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Courts Fine Taxpayers for Frivolous Collection Cases, IRS Warns

IR-2005-64, June 2, 2005

WASHINGTON — Taxpayers who improperly use the courts to delay tax collections are paying a stiff price, according to the Internal Revenue Service.

In published cases since the beginning of 2004, the U.S. Tax Court imposed penalties totaling $117,500 against taxpayers for pursuing frivolous cases to delay tax collections. This brings the total penalties in such cases since 2001 to $378,900. In addition, Appeals courts in the Second, Ninth, and Tenth Circuits upheld six earlier Tax Court decisions assessing penalties totaling $15,600.

”Taxpayers have rights they should use when appropriate,” said Kevin M. Brown, commissioner of the IRS Small Business/Self-Employed Division. “But anyone who abuses those rights should understand they can incur significant penalties.”

The IRS Restructuring and Reform Act of 1998 set forth various taxpayer rights related to tax liens or levies, including the right to seek judicial review. However, the Tax Court may impose sanctions of up to $25,000 on those who misuse their right to a court review merely to stall their tax payments. For example, the court imposed the maximum penalty in Kolker v. Commissioner, T.C. M. 2004-288. Noting that the taxpayer had filed multiple court actions and appeals, the Tax Court stated that he had “repeatedly wasted the Federal tax system's resources and his conduct deserves an appropriate and severe sanction.”

Ordinarily, the IRS may not enforce collection while one of these Collection Due Process appeals is pending. But in an April 2005 decision, the Tax Court, for the first time, allowed the IRS to pursue collection even though an appeal had been filed. In Burke v. Commissioner, 124 T.C No. 11, the court permitted the IRS to proceed with a levy, agreeing that the “taxpayer had used the collection review procedure to espouse frivolous and groundless arguments and otherwise needlessly delay collection.”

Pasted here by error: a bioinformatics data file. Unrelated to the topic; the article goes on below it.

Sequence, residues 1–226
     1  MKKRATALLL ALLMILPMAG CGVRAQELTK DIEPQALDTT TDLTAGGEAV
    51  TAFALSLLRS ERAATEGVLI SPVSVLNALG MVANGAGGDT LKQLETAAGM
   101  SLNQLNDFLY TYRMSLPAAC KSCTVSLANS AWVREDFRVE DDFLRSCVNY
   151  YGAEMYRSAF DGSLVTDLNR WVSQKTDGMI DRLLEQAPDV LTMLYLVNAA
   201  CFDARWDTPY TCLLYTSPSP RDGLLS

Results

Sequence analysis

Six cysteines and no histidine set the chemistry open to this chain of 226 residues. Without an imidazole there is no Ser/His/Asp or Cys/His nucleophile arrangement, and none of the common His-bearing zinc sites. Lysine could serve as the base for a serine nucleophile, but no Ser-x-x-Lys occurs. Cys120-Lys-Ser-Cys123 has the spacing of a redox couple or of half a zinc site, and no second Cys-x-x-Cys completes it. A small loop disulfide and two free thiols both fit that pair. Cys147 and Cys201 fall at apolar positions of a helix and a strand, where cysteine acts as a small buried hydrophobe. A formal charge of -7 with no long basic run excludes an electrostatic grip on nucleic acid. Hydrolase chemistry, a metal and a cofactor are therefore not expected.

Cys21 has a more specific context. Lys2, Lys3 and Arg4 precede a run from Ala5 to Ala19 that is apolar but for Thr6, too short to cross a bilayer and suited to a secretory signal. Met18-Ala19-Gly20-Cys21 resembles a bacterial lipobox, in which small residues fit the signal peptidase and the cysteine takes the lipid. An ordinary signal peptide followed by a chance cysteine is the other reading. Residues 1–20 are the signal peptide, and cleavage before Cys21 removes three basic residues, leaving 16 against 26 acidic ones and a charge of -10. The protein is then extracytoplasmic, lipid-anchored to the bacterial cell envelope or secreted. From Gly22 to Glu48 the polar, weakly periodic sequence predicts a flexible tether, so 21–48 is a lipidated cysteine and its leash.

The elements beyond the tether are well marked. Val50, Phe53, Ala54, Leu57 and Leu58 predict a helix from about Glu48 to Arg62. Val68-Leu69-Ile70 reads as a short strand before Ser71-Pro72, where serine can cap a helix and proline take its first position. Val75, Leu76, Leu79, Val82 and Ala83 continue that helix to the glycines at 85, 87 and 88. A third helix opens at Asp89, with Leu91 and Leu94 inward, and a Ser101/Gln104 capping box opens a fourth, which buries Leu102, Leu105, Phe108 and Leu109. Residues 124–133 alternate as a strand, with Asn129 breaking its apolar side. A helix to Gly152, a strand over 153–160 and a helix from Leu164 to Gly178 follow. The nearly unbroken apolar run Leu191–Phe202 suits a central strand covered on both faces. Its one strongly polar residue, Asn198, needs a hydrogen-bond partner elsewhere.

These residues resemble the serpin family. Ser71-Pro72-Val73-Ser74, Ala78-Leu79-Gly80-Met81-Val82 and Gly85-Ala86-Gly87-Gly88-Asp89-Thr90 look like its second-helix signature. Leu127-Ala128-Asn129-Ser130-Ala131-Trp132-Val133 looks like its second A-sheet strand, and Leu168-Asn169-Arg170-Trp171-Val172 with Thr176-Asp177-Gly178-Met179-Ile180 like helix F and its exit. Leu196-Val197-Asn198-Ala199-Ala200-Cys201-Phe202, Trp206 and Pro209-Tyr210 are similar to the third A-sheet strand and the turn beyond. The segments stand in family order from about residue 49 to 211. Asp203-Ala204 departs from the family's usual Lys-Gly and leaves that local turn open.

The Tax Court also disposes of many cases by unpublished order after granting the government’s motion for summary judgment against the taxpayer. These motions increasingly include sanctions under this part of the law (section 6673 of the Internal Revenue Code).

The IRS Web site document, The Truth about Frivolous Tax Arguments, includes a section devoted to Collection Due Process cases. It presents 16 frivolous assertions, along with a summary of the law and relevant cases involving these false claims.


Section 6673 Penalties Imposed by U.S. Tax Court in PublishedCollection Due Process Cases Since the Beginning of 2004
[T.C.M. = Tax Court Memorandum Decision]
[T.C. = Tax Court Opinion]

Case

State

Citation

Date

Penalty

Poe v. Commissioner

OH

T.C.M. 2005-107

05/16/05

$2,000

Krueger v. Commissioner

GA

T.C.M. 2005-105

05/11/05

$1,500

Howard v. Commissioner

AZ

T.C.M. 2005-100

05/09/05

$10,000

Williams v. Commissioner

NE

T.C.M. 2005-94

04/25/05

$5,000*

Lehmann v. Commissioner

AZ

T.C.M. 2005-90

04/25/05

$2,500

Burke v. Commissioner

AZ

124 T.C No. 11

04/12/05

$2,500

Kilgore v. Commissioner

MA

T.C.M. 2005-24

02/15/05

$10,000

Kolker v. Commissioner

CA

T.C.M. 2004-288

12/29/04

$25,000

Gavigan v. Commissioner

CT

T.C.M. 2004-155

11/10/04

$2,000

Yazzie v. Commissioner

AZ

T.C.M. 2002-233

10/13/04

$2,000

Hiland v. Commissioner

AZ

T.C.M. 2004-255

10/06/04

$1,000

Johnston v. Commissioner

AZ

T.C.M. 2004-224

10/05/04

$3,000

Hamzik v. Commissioner

NV

T.C.M. 2004-223

10/05/04

$15,000

Gilligan v. Commissioner

CA

T.C.M. 2004-194

08/30/04

$5,000

Gatlos v. Commissioner

PA

T.C.M. 2004-102

08/26/04

$2,000

Henderson v. Commissioner

AR

T.C.M. 2004-157

07/01/04

$15,000

Jensen v. Commissioner

AK

T.C.M. 2004-120

05/17/04

$10,000

Frey v. Commissioner

VA

T.C.M. 2004-87

03/30/04

$4,000

*sua sponte

2004/2005 Appeals Court Actions Affirming Tax Court Sanctions

  • Adams v. Commissioner — 95 A.F.T.R2d 2005-1862 (9th Cir. April 12, 2005), $1,000 sanction by Tax Court affirmed plus Court of Appeals imposed additional $2,000 sanction.
  • Boyd v. United States — 2005 US App. Lexis 1658 (10th Cir.), $2,500 sanction by Tax Court affirmed.
  • Cardona v. Commissioner — 2004 US App. Lexis 25259 (2d Cir.), $1,000 sanction by Tax Court affirmed.
  • Hobbs v. Commissioner — 2004 US App. Lexis 19504 (9th Cir.), $2,500 sanction by Tax Court affirmed.
  • Holguin v. Commissioner — 2004 US App. Lexis 17848 (9th Cir.), $1,600 sanction by Tax Court affirmed.
  • Le Doux v. Commissioner — 2004 US App. Lexis 13262 (10th Cir.), $5,000 sanction by Tax Court affirmed.

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